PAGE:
Practice Areas

Impact Litigation

Because we are The Cochran Firm, people know we make a major impact on both law and society. Many of our cases lead to press conferences. Some matters we get involved in lead to changes in the laws. We have a big impact through our work here, and we’re proud of that. Johnnie L. Cochran, Jr. was never afraid to make a social and economic impact through the law, fighting for a righteous cause, whether popular opinion was for it or against, when the cause is right, you gotta fight. And if the case is outrageous, often punitive damages follows.

We are not afraid to tell it like it is, and when the facts are outrageous, then we do not simply seek economic justice in fair compensation, but we also seek to punish the wrongdoer and deter them from doing the same harms again in the future. This form of justice, or “damages” is defined as punitive damages. What leads to punitive damages is conduct that is considered so outrageous it is despicable. This is the case when someone intends to harm another, or acts in reckless disregard of the likely result that others will suffer greatly if they continue doing what they’re doing, yet they continue to act in that manner.

In the right case, we’ll seek punitive damages against many different types of defendants under various facts, but examples that fit this right to seek punitive damages would include lawsuits against car companies that knowingly choose to make a vehicle that rolls over easily, and when it does, the roof’s so weak it collapses. Or we’ll seek punitive damages against a place that ignores someone’s elderly parent to the point where they are malnourished, dehydrated, with painful skin breakdowns, yet no one seems to care. Or against an employer who has acted intentionally to cause its employee harm or has engaged in despicable or fraudulent conduct in conscious disregard of an employee’s rights. The case must show this general set of outrageous facts, and we specialize in making sure these things are known about and not hidden, and obtaining justice.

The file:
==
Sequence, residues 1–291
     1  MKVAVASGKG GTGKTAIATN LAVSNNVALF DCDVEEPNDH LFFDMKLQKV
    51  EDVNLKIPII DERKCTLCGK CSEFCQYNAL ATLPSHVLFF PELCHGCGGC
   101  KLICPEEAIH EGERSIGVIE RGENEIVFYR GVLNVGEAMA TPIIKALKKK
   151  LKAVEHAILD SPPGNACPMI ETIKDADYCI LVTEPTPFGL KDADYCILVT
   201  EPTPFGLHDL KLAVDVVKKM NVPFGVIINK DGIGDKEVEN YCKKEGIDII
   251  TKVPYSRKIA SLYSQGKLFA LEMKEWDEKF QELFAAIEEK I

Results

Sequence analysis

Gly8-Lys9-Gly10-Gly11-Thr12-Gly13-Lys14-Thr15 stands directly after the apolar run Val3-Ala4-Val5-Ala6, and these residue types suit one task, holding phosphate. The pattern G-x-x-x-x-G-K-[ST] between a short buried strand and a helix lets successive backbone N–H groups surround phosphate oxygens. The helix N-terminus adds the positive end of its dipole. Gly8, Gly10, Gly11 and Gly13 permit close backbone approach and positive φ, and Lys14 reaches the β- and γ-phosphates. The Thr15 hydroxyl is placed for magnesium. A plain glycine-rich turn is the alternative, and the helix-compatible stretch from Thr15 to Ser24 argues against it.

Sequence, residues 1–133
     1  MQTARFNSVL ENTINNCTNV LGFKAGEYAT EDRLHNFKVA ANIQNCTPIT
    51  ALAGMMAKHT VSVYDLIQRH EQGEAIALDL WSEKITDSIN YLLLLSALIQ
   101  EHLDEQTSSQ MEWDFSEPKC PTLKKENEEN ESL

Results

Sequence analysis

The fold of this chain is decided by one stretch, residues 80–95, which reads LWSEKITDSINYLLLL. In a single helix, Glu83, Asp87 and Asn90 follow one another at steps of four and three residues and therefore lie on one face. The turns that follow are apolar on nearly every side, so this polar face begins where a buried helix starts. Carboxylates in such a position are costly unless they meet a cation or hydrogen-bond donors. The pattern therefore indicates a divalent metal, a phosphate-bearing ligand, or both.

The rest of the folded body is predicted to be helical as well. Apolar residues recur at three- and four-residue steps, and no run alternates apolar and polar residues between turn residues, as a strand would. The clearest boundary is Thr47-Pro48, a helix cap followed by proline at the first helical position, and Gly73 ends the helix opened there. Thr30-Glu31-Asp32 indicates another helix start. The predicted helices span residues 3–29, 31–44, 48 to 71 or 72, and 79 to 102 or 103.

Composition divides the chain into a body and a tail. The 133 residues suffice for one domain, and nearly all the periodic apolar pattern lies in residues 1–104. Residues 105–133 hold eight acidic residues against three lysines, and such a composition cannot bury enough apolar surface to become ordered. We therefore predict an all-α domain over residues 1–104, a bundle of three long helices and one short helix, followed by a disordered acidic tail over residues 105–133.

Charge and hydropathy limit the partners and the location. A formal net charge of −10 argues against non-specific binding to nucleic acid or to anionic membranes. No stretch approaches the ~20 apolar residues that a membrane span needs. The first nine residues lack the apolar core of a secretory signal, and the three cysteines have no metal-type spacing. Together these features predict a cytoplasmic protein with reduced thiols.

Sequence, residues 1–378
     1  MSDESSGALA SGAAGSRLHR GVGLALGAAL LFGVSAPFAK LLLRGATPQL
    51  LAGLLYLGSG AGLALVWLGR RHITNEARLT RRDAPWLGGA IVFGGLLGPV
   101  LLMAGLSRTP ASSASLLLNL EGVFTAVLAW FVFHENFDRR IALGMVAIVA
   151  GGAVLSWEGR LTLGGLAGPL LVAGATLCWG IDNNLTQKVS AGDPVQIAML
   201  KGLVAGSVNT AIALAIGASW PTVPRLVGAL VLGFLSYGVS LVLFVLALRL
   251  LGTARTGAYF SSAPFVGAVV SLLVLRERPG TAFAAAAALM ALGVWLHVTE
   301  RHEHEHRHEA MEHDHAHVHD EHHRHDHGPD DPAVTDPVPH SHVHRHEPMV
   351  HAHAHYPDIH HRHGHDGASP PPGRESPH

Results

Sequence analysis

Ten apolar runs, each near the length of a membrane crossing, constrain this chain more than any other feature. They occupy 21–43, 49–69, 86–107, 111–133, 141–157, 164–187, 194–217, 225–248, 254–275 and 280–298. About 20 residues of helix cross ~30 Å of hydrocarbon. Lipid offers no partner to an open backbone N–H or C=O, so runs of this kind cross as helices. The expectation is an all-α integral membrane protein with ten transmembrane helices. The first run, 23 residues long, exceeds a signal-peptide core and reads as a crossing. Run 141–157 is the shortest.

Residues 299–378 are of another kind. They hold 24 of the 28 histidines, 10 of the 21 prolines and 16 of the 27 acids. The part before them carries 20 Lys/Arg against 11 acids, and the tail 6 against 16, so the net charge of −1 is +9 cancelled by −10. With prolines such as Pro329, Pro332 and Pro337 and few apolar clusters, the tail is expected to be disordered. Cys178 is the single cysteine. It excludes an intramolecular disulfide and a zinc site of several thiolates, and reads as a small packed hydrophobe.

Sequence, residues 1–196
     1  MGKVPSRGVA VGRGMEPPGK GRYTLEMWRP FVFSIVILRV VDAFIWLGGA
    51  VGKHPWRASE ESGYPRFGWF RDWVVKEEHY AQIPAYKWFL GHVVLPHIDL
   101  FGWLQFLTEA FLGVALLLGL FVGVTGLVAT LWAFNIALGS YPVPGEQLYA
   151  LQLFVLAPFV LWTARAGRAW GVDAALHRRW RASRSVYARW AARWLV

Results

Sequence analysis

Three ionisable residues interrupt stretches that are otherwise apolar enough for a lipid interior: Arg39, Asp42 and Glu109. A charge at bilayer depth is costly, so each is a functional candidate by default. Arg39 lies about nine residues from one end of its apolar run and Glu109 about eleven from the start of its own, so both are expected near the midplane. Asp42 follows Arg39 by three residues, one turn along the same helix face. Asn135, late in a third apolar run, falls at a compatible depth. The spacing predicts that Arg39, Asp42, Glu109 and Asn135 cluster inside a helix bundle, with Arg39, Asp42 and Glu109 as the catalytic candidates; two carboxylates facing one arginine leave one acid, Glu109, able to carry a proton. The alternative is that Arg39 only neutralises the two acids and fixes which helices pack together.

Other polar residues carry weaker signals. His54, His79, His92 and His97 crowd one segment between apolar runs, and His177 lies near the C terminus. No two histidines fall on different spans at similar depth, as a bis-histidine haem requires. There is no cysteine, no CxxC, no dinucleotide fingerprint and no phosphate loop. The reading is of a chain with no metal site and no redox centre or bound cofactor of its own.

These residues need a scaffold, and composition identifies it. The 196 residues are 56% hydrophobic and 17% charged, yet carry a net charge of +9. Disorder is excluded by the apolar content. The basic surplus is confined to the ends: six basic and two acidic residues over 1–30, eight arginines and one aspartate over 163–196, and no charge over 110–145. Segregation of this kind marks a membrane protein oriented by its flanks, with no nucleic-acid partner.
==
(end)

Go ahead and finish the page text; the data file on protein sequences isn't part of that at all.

A corporation can be held responsible to pay punitive damages if an officer, director, or managing agent intends to injure a plaintiff or acts despicably with a willful and conscious disregard of the rights or safety of others or subjects a person to cruel and unjust hardship. A corporation can be held responsible to pay punitive damages if they are shown to put people over profits, and this decision is ratified by an officer, director or managing agent of the corporation.

Under California Civil Code section 3294(b), an employer shall not be liable for punitive damages based upon acts of an employee of the employer, unless the employer had advance knowledge of the unfitness of the employee and employed him or her with a conscious disregard of the rights or safety of others or authorized or ratified the wrongful conduct for which the damages are awarded or was personally guilty of oppression, fraud or malice. With respect to a corporate employer, the advance knowledge and conscious disregard, authorization, ratification or act of oppression, fraud, or malice must be on the part of an officer, director or managing agent of the corporation.

“Malice” means conduct which is intended by the defendant to cause injury to the plaintiff or despicable conduct which is carried on by the defendant with a willful and conscious disregard of the rights or safety of others.

“Oppression” means despicable conduct that subjects a person to cruel and unjust hardship in conscious disregard of that person’s rights.

“Fraud” means an intentional misrepresentation, deceit, or concealment of a material fact known to the defendant with the intention on the part of the defendant of thereby depriving a person of property or legal rights or otherwise causing injury.